Taiwan High Speed Rail Corp (THSRC), the operator of the nation's first bullet train, has delayed the opening of the service to October next year, citing severe delays in the construction schedule.
"The [corporation's] board of directors decided to reschedule the [opening] of the high-speed railway to Oct. 31 next year following a meeting this morning," THSRC chairwoman Nita Ing (
THSRC's major shareholders include Continental Engineering Corp, Teco Electric and Machinery Co, Fubon Financial Holding Co and the Evergreen Group.
The announcement comes after months of speculation that the THSRC would miss its deadline to launch the NT$460.7 billion (US$13.8 billion) train service after reports that the project was falling behind schedule in constructing its core mechanical and electrical systems.
The company had planned to launch the train this Oct. 31.
Ing yesterday attributed the delay to slow progress in construction, testing of various systems and evaluation of overall operations.
"It's a pity to have to make this decision," Ing said. "We are confident we can abide by the new schedule," she said.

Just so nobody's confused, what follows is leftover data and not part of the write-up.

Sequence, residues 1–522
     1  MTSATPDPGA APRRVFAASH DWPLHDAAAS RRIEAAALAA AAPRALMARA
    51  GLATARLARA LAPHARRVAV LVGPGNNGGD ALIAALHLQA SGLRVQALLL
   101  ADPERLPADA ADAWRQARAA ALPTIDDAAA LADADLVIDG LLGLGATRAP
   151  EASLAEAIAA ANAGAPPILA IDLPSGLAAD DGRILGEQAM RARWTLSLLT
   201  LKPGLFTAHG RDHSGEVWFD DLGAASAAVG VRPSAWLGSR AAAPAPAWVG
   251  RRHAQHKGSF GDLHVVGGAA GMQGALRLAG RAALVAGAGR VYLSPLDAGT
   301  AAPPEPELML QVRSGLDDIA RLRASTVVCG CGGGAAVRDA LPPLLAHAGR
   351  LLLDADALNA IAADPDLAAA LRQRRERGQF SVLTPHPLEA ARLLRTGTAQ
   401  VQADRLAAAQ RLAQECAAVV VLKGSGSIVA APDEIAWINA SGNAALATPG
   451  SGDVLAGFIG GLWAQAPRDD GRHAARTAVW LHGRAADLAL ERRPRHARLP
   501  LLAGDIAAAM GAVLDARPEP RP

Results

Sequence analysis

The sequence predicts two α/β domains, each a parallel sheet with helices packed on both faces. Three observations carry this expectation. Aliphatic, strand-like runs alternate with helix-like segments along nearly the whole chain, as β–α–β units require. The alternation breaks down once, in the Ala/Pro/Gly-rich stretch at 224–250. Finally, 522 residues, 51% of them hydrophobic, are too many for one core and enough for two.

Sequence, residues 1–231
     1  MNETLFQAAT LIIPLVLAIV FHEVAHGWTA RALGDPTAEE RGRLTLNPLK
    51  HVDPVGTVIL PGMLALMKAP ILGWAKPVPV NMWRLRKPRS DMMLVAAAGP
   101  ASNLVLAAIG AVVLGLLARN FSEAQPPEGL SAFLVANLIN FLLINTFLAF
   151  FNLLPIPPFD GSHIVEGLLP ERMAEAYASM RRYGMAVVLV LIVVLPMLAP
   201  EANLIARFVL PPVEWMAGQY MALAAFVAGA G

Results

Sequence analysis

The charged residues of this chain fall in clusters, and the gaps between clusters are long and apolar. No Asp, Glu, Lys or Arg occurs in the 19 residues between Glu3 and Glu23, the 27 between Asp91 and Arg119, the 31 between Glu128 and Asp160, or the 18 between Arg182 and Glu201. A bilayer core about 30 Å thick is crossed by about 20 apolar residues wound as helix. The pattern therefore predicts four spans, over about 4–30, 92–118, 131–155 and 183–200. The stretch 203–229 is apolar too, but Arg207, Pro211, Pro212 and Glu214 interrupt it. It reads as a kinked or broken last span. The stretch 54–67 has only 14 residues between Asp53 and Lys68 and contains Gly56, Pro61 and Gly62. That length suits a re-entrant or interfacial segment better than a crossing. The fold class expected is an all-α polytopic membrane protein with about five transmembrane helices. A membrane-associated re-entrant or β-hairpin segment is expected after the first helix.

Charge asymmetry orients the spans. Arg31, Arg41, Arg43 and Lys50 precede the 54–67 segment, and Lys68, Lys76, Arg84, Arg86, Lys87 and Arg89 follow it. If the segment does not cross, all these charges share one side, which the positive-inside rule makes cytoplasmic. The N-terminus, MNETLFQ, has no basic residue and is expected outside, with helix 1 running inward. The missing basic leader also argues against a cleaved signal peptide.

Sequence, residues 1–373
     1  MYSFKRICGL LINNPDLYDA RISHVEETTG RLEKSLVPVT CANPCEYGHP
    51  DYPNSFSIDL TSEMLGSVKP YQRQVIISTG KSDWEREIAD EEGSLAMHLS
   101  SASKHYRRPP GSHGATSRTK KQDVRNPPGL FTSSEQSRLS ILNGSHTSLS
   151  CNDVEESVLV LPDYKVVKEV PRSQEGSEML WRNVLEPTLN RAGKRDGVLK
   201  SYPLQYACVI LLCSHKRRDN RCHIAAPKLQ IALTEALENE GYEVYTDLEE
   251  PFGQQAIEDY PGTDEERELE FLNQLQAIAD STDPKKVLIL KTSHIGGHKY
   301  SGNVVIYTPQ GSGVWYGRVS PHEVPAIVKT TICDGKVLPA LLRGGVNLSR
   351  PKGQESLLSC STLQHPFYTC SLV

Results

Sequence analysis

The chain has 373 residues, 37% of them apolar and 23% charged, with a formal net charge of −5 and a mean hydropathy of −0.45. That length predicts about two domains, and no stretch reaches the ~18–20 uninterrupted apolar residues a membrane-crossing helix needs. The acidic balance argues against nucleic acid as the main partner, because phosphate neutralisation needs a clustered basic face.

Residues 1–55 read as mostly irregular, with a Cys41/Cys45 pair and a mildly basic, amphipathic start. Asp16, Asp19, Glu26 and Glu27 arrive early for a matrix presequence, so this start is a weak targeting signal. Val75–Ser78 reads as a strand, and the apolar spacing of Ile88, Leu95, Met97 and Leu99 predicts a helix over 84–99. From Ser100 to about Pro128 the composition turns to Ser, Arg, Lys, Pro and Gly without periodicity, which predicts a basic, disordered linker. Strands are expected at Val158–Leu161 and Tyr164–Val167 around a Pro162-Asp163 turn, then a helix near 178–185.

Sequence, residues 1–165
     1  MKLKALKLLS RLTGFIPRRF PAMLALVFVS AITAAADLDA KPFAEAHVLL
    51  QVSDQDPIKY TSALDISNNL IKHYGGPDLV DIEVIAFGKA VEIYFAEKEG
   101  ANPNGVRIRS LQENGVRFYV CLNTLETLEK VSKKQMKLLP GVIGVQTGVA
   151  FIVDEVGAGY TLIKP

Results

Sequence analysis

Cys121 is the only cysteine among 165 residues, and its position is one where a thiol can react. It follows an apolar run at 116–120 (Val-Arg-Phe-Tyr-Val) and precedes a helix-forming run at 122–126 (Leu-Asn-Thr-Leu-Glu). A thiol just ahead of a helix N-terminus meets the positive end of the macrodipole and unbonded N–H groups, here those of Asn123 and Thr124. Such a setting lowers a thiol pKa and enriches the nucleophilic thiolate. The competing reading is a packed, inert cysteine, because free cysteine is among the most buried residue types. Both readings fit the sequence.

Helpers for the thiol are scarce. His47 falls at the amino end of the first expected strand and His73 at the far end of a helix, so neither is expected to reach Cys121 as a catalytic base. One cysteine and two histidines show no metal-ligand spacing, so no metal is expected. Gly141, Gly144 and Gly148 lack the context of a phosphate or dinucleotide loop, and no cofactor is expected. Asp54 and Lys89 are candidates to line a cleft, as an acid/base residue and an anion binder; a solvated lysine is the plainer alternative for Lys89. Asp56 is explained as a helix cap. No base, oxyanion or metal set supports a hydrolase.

The delay will result in increased costs of NT$19.3 billion, lifting the total cost to NT$480 billion, THSRC president George Liu (劉國治) said.
The added cost mostly consisted of extra interest payments, he said.
But the figure did not include the estimated loss of NT$50 billion in revenue based on the THSRC's projections of NT$130 million per day in the first stage of operation.
Liu said the construction of the core mechanical and electrical systems had lagged behind schedule. According to company statistics, at the end of July THSRC had completed 87.89 percent of the 345km track, 92 percent of station construction, but only 60.44 percent of the mechanical and electrical systems.
When asked whether THSRC would seek compensation for the delay from the Japanese consortium Taiwan Shinkansen Corp (TSC), contractor for the core systems' construction, Ing shunned the question.
She would only say that TSC is a partner of THSRC and that the priority now was to complete the construction of railway on time.
According to a contract signed by the two parties in December 2000, in the event of falling behind schedule, TSC would have to pay THSRC NT$200 million per day in compensation and to cover interest losses until construction was completed.
It has been reported that the core mechanical and electrical systems may be completed only by September next year.
The consortium of seven Japanese companies include Mitsui Corp, Mitsubishi Heavy Industries, Mitsubishi Corp, Marubeni Corp, Sumitomo Corp, Kawasaki Heavy Industries and Toshiba Electric.
The 345km bullet-train service will link Taipei with Kaohsiung and is expected to carry up to 1 million passengers a year.
THSRC shares, which trade on a gray market ahead of a stock-exchange listing, fell 0.67 percent to NT$7.45 yesterday.